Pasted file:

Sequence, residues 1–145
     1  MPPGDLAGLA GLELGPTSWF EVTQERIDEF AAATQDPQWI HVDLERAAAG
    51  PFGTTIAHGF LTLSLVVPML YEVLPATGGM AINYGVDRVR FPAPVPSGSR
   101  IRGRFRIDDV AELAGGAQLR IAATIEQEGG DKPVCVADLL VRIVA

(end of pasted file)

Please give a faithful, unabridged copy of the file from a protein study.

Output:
Sequence, residues 1–145
     1  MPPGDLAGLA GLELGPTSWF EVTQERIDEF AAATQDPQWI HVDLERAAAG
    51  PFGTTIAHGF LTLSLVVPML YEVLPATGGM AINYGVDRVR FPAPVPSGSR
   101  IRGRFRIDDV AELAGGAQLR IAATIEQEGG DKPVCVADLL VRIVA